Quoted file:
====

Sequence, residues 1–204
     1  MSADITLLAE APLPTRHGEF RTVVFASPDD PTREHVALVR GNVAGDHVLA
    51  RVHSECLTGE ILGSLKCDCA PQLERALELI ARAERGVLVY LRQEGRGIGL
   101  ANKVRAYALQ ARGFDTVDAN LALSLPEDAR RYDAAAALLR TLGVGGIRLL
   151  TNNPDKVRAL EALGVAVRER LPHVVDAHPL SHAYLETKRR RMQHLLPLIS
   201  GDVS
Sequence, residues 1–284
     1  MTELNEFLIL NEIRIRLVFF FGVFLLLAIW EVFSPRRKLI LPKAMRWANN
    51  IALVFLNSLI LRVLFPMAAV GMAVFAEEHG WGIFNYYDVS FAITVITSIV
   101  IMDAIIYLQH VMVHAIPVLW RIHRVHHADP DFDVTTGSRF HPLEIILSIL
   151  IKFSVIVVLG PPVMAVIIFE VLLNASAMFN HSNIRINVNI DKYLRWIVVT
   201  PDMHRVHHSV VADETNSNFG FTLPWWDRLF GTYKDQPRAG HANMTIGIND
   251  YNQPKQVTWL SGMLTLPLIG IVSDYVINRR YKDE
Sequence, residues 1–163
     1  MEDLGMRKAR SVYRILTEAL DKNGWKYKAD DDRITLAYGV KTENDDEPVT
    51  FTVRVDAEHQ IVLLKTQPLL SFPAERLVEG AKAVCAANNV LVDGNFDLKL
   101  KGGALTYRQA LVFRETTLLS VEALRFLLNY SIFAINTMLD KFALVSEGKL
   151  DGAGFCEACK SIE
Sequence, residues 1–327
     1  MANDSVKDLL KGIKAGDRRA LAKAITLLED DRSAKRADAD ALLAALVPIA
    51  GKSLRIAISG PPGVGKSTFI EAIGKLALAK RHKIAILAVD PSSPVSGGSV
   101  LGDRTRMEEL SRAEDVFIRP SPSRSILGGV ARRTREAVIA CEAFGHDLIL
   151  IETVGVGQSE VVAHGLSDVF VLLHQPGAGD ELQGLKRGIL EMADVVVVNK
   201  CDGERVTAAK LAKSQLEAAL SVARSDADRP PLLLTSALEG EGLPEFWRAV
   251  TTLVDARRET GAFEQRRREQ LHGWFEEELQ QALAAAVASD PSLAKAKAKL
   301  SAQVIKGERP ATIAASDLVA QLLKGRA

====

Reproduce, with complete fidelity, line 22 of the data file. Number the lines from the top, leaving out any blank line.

   101  LGDRTRMEEL SRAEDVFIRP SPSRSILGGV ARRTREAVIA CEAFGHDLIL